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“Don’t let the bastards grind you down.”

Books are glorious as they can stand on the uncharted precipice of “what if” and ask, “What if the world was different?” How would we feel about that? Authors take to pens or keyboards to make sense of the world. And unlike any other genre, SFF allows authors the freedom to ask big questions in creative circumstances. This freedom is how we got stories like The Handmaid’s Tale or Ursula K. Le Guin’s The Left Hand of Darkness that challenged gender roles and biases. Or, She Who Became the Sun by Shelly Parker-Chan that boldly reimagines the rise of the founding emperor of the Ming dynasty. There is true power in the “pen.” It can sway people, change minds, and bend the future.

 

Due to current events in the US, we as a team came together and selected a few novels that touch on women’s rights or women’s roles. This list is obviously not complete. Its depth and breadth would have to be ten times larger and contain more viewpoints from different cultures and backgrounds. Many of the plights of women including those identifying as female are universal but not all of them. However, this is an excellent selection of books to get one started.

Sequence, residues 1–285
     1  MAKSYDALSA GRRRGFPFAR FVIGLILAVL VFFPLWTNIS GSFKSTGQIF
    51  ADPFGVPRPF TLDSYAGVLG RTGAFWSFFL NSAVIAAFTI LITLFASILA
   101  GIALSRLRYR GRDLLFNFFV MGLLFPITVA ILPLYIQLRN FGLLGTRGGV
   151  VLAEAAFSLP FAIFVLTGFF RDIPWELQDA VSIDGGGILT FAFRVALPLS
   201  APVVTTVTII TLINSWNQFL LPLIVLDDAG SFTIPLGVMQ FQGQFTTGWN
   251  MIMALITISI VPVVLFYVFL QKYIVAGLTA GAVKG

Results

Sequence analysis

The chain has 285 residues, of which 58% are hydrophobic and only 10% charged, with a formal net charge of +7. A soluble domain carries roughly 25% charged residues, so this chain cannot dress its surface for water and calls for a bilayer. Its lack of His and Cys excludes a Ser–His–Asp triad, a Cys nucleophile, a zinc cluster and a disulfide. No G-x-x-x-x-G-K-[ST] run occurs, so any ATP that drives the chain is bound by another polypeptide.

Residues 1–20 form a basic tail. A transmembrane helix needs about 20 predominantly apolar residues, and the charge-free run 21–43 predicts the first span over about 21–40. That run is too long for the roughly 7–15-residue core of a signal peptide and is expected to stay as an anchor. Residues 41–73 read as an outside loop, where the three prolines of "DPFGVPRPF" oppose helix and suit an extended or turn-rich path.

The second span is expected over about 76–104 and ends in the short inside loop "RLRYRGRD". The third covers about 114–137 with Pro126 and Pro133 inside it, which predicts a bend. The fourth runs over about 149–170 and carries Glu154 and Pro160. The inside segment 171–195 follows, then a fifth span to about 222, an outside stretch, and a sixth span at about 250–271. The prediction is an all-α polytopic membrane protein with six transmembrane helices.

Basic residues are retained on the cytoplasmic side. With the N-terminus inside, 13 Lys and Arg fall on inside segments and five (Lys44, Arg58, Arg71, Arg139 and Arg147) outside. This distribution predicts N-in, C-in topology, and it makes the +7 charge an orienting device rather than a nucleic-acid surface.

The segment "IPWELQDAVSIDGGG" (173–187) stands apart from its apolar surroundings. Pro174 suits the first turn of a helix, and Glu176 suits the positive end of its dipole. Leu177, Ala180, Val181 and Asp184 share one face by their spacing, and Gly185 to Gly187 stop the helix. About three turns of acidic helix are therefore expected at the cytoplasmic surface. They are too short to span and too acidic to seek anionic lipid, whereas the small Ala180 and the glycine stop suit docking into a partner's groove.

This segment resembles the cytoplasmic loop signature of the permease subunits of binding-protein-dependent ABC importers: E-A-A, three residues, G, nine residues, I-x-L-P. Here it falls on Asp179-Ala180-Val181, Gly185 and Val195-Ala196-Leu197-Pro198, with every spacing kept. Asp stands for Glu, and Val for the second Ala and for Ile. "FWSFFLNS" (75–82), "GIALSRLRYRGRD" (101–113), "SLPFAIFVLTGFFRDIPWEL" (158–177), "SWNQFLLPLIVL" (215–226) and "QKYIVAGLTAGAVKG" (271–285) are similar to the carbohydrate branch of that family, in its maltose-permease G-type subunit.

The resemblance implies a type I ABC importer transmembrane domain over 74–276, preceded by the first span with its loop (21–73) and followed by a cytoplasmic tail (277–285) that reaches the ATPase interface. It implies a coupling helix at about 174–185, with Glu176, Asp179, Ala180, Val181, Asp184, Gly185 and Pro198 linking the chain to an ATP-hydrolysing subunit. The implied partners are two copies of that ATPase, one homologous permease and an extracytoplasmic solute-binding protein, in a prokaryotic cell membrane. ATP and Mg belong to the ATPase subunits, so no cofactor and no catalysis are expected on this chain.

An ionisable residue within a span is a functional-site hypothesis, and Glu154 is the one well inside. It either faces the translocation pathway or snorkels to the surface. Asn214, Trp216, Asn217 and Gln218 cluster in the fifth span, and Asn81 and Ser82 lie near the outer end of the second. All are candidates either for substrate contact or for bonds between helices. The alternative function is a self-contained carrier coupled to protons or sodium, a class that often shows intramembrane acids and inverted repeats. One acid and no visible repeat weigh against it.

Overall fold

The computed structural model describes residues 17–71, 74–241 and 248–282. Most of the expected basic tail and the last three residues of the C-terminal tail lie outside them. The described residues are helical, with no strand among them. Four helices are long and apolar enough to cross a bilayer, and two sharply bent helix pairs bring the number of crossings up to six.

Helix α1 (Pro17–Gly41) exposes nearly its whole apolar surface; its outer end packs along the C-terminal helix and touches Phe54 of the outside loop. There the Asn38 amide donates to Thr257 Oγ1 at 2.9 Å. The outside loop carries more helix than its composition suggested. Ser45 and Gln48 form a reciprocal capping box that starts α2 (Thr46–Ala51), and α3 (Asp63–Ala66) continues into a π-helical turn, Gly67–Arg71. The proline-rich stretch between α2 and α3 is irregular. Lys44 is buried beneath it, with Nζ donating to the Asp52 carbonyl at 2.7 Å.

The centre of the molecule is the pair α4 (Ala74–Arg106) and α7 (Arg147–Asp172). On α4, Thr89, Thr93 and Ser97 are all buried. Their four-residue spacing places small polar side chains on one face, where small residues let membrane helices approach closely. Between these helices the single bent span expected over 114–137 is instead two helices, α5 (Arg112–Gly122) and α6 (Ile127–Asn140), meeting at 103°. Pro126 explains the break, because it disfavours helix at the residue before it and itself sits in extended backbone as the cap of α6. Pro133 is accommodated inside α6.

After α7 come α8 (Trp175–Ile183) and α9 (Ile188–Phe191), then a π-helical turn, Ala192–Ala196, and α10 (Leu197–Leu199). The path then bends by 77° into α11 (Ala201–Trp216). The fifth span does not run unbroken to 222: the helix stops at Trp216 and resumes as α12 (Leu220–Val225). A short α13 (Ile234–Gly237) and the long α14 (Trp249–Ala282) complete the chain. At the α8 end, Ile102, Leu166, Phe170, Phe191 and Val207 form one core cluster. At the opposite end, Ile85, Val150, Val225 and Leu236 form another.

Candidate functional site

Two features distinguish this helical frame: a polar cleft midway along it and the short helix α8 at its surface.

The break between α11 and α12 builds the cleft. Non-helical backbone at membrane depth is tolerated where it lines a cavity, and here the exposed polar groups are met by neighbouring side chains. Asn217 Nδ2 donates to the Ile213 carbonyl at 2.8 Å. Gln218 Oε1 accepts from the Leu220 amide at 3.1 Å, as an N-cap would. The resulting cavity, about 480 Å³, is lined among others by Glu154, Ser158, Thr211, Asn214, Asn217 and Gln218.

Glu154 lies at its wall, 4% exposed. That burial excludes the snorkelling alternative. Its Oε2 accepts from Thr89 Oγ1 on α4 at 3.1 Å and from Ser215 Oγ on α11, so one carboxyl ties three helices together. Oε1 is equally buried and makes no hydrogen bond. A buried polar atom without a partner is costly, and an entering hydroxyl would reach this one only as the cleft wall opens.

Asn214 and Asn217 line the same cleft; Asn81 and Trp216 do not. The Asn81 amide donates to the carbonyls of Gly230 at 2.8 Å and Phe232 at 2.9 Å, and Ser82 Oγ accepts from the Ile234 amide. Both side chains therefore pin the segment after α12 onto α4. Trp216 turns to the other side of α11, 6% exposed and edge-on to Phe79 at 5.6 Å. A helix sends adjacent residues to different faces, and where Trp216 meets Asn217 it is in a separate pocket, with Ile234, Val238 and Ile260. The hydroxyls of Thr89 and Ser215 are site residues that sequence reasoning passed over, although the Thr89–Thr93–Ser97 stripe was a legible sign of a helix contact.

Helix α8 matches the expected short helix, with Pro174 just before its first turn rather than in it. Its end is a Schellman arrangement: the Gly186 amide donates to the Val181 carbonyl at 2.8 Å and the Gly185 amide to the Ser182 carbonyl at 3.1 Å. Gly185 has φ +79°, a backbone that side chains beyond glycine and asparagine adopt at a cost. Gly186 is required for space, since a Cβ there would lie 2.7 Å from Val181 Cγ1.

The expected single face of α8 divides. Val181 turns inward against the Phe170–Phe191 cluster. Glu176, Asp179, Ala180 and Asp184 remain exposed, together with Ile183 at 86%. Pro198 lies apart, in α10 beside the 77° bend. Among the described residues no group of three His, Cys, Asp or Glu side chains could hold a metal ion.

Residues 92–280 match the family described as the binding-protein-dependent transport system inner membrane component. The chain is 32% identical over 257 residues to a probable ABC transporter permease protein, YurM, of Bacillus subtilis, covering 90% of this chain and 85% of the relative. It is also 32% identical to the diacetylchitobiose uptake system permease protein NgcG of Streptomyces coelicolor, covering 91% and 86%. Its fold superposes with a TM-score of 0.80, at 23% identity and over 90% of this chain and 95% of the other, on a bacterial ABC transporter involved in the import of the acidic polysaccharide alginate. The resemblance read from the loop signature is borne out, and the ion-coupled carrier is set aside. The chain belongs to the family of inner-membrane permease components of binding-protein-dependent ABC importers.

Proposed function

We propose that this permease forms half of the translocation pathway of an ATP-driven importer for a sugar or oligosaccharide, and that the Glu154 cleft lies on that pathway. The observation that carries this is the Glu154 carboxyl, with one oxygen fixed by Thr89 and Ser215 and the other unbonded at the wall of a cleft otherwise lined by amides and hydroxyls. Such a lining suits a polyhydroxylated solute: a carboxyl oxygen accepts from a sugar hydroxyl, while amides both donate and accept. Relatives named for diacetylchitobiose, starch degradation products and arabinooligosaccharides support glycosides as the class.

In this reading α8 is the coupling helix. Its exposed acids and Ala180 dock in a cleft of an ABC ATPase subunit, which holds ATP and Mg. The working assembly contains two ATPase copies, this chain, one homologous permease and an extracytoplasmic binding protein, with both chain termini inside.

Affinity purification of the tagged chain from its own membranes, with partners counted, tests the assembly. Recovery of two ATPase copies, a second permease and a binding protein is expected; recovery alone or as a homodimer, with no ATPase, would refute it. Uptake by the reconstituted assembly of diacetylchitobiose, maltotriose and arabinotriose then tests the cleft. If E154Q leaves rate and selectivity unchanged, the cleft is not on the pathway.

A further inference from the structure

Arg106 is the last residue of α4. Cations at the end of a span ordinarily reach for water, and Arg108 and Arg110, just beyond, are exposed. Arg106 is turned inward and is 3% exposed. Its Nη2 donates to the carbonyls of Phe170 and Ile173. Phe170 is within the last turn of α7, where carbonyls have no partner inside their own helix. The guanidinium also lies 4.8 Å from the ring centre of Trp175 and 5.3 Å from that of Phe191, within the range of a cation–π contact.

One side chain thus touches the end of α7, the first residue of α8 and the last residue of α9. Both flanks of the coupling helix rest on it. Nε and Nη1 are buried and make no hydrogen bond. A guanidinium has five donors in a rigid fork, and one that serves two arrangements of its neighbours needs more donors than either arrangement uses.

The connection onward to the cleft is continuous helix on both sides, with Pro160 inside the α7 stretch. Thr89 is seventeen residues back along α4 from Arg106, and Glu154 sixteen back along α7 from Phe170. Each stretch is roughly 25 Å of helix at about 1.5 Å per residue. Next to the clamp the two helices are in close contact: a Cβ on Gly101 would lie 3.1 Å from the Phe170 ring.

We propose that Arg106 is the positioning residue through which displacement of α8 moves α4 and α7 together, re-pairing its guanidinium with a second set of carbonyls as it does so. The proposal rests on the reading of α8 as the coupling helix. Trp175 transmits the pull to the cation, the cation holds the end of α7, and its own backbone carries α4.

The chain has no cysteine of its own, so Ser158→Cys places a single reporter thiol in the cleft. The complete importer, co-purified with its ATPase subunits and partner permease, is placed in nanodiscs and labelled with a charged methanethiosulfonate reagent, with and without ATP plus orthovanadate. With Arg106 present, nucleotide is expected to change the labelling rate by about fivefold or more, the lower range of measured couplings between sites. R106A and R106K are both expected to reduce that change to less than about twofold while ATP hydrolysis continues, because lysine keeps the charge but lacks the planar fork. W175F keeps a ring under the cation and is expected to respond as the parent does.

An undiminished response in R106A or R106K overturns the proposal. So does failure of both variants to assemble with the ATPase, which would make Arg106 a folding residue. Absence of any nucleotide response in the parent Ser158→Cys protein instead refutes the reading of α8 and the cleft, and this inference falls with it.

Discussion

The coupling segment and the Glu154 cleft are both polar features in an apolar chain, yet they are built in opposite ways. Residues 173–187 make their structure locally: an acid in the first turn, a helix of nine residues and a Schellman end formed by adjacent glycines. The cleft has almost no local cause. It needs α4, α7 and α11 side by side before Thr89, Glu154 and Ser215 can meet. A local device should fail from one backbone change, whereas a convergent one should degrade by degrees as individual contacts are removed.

a natural history of dragons
1.

A Natural History of Dragons

By Marie Brennan

Do you feel like women are being told where they belong and what they are capable of/ should have access to by people who have no business doing so? Let Lady Trent take you on her journey into the world of science in a society that very much doesn’t want to let her do so.

– Taylor from Maed Between the Pages